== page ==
The configuration is stored in the .gitlock directory under user's home directory. It doesn't modify your repo's directory.

Synopsis 1: config

gitlock config

Display the current config.

Synopsis 2: tsa

gitlock config tsa <url>

Set the URL of the trusted Time Stamping Authority. The default is http://timestamp.comodoca.com/rfc3161.

Synopsis 3: openssl

gitlock config openssl <path>

Set the OpenSSL path. The default is openssl.

On Mac OS X, the built-in OpenSSL is v0.9.8 (you can view it through openssl version), but the timestamp feature is only in v1.0+. So on Mac OS X, you must install a newer OpenSSL to a different directory and set this config to the installed OpenSSL file path. For how to build an install, see https://wiki.openssl.org/index.php/Compilation_and_Installation#Mac.

On Windows, because the build process is a little more complicated, you can use some pre-built binaries. See https://wiki.openssl.org/index.php/Binaries.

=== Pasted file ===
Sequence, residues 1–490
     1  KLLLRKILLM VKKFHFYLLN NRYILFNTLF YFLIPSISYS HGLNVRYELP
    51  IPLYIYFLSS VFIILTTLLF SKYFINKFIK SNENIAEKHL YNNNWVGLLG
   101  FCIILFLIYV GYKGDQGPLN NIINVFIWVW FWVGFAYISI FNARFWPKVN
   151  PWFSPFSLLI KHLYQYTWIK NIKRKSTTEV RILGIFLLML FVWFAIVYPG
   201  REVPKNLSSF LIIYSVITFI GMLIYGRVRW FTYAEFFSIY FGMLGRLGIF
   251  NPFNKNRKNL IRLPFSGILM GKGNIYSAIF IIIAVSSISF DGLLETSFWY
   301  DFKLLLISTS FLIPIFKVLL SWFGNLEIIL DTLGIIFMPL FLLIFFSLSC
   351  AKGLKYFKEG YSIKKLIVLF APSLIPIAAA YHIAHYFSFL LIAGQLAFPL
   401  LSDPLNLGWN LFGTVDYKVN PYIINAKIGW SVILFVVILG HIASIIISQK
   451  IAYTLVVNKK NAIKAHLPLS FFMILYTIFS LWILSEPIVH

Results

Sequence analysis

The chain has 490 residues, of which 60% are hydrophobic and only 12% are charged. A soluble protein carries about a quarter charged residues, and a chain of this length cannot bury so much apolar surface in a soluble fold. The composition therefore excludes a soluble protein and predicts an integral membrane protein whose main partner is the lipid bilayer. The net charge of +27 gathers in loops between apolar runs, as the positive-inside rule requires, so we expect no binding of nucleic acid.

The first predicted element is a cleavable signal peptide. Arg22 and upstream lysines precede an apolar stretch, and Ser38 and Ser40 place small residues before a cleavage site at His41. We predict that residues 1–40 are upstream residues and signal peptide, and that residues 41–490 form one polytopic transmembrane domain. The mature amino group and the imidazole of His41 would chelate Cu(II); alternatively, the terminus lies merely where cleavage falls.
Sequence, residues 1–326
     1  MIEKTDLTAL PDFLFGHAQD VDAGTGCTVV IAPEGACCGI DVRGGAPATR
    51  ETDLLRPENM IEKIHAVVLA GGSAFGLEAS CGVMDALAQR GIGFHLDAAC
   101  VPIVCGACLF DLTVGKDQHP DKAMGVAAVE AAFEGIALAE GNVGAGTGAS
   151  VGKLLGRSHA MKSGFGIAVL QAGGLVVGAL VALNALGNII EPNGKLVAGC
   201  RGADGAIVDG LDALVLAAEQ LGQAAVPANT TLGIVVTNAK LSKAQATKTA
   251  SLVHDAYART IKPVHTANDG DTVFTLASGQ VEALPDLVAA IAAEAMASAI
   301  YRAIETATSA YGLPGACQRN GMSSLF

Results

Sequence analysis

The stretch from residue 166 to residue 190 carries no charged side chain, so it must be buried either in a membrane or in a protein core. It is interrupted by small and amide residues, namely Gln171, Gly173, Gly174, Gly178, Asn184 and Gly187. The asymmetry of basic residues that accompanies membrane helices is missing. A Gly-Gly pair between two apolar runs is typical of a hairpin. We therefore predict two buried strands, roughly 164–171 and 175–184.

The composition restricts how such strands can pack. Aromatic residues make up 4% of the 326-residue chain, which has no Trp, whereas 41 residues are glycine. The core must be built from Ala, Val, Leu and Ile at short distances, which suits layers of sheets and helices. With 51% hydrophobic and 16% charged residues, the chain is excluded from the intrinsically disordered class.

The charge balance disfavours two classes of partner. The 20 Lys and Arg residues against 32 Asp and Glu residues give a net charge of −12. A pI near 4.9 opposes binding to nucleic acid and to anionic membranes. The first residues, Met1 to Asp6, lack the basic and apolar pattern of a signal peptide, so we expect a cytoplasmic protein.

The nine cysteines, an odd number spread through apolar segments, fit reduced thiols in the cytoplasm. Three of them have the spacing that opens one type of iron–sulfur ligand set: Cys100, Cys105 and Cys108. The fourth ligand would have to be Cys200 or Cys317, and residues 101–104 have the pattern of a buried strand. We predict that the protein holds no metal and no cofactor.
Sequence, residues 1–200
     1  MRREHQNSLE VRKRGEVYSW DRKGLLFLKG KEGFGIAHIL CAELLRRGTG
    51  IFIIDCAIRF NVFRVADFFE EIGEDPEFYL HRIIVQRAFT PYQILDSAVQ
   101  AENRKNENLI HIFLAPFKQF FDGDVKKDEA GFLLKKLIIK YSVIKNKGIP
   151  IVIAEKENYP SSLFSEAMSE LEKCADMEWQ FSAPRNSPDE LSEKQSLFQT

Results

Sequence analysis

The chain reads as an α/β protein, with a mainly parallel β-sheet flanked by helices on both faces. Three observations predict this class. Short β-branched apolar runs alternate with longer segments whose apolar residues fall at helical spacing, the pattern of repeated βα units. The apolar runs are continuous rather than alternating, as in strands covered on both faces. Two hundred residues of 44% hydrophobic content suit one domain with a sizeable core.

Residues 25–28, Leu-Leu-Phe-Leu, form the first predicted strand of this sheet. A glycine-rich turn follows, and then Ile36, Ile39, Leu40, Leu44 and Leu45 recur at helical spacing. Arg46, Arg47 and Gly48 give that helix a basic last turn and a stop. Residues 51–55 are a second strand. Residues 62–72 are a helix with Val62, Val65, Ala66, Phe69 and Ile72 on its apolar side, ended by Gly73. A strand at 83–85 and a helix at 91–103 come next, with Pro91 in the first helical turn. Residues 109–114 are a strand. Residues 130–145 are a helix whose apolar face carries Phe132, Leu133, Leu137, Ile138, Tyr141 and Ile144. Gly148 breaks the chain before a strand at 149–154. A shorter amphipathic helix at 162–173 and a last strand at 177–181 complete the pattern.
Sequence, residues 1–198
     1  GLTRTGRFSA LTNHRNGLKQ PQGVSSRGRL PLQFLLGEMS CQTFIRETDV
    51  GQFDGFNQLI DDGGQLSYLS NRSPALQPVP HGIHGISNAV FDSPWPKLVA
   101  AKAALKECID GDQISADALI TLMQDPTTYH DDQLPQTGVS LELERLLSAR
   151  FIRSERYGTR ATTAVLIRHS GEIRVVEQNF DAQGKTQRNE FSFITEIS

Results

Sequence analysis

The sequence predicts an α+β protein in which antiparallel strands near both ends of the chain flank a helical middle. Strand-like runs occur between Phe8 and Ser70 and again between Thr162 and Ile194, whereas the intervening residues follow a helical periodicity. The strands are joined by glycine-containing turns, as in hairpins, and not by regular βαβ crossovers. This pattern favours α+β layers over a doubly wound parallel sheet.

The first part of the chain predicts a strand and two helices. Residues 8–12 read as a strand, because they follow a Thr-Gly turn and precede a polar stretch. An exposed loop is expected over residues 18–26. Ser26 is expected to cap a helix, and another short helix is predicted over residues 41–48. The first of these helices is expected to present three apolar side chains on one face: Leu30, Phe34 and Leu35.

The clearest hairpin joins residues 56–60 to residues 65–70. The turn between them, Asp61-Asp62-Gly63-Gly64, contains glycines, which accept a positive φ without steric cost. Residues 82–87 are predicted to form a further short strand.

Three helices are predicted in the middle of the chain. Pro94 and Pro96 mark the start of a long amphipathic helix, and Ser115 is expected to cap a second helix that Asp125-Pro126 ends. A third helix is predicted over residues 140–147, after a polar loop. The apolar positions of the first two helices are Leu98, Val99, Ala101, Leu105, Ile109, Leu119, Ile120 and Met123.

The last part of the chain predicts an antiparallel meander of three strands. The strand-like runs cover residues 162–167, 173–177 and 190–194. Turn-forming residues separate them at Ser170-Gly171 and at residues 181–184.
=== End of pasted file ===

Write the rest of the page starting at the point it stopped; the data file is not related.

On Windows if you have Bash installed then you might already have OpenSSL. In Bash, type openssl version to see if it's installed and make sure the version is higher than 1.0.

Synopsis 4: root-ca

gitlock config root-ca <path>
gitlock config root-ca

Set the location of root certificates. This is for verifying. <path> must be a directory containing certificate files in PEM (i.e. Base64-encoded) format. If there's no <path>, it will set this config to nothing.

For example, for Comodo timestamps, you can:

  • On Windows 10, click start button, type certmgr.msc in the search box and press enter, then export the UTN-USERFirst-Object certificate.
  • On Mac OS, open KeyChain, then export the UTN-USERFirst-Object certificate.
  • Or download this certificate here.

Then rename the file to "2c3e3f84.0" (Very important. The filename must be in xxxxxxxx.0 format).

You can also use the command c_rehash to generate xxxxxxxx.0 files. For details see: